Senate Overwhelmingly Approves Seven-Year TRIA Reauthorization; House Outlook Unclear After Hensarling Comments
In a resounding display of bipartisan unity, the Senate yesterday voted 93-4 to approve the “Terrorism Risk Insurance Program Reauthorization Act of 2014” (S. 2244) — legislation to reauthorize the expiring Terrorism Risk Insurance Act (TRIA) for seven years. As The Real Estate Roundtable, Coalition to Insure Against Terrorism (CIAT), Real Estate Board of New York (REBNY) and other stakeholders applauded the Senate action and urged the House to follow suit, House Financial Services Committee Chairman Jeb Hensarling (R-TX) issued a discouraging statement suggesting it could take several more months of deliberations to come up with a plan that could clear the lower chamber.
Sen. Charles Schumer (D-NY) is a key sponsor of
, the TRIA bill that cleared the Senate by a vote of 93-4.
Sen. Charles Schumer (D-NY), a key sponsor of S. 2244, emphasized TRIA’s indispensible role in real estate and the economy.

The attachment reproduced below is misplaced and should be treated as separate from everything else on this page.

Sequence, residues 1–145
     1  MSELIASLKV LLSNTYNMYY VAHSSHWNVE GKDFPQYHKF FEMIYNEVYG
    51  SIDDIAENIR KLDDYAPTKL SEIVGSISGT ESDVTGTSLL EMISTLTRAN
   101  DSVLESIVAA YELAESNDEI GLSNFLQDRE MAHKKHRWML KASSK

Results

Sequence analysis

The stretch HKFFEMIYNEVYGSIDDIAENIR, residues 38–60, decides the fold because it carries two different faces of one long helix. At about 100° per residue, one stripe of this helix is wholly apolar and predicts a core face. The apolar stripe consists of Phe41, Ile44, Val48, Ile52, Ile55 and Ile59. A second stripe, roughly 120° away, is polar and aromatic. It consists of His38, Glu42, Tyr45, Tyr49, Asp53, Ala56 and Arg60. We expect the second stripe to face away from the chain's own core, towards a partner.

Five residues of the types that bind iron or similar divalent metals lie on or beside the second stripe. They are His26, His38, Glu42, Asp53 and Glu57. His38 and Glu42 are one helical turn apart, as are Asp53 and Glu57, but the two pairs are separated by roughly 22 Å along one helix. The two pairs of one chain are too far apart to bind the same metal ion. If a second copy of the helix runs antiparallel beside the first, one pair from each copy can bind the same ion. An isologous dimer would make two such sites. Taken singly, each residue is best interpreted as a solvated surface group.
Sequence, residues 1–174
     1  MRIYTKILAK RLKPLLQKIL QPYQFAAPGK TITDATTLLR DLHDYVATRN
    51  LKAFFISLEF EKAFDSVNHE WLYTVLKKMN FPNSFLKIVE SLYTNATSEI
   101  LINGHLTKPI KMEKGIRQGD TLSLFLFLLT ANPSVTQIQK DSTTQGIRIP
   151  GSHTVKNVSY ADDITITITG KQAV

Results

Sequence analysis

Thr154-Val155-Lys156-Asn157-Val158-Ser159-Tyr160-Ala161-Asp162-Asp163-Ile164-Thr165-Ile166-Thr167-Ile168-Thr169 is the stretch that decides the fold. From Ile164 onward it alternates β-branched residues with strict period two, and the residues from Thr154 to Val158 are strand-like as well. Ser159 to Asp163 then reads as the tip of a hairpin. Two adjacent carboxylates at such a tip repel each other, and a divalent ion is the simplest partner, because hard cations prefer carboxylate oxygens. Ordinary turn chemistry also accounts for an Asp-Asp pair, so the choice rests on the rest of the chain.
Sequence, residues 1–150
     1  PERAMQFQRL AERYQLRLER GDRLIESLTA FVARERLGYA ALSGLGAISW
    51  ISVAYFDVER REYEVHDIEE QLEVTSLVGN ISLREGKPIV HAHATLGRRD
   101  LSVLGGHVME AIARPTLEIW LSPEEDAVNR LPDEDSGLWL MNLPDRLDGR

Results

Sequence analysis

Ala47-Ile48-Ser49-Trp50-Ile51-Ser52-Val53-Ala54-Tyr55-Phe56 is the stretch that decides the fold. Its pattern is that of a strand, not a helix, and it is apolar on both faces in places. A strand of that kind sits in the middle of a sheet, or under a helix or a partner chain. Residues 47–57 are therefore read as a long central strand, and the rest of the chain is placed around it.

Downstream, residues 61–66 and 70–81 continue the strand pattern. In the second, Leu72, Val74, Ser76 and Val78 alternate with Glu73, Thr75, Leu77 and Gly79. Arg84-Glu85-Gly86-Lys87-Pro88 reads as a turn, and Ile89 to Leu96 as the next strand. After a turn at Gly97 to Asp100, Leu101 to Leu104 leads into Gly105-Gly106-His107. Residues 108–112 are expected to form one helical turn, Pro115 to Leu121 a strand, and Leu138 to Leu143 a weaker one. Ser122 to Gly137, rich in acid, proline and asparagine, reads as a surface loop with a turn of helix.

“In a post-9/11 world, developers and business owners embarking on multiyear, multimillion or billion-dollar construction projects need to be certain they can insure their investments,” said Schumer. “At a time when our economy is not growing as robustly as we’d like, failing to renew [TRIA] would be particularly foolish. Without (the program), it’s a virtual certainty that a large number of construction jobs and economic development would be lost.”
The Roundtable, which made a final appeal to all U.S. Senators by email yesterday morning, followed the Senate vote with a press statement commending the chamber for addressing this urgent issue and restating its macroeconomic implications.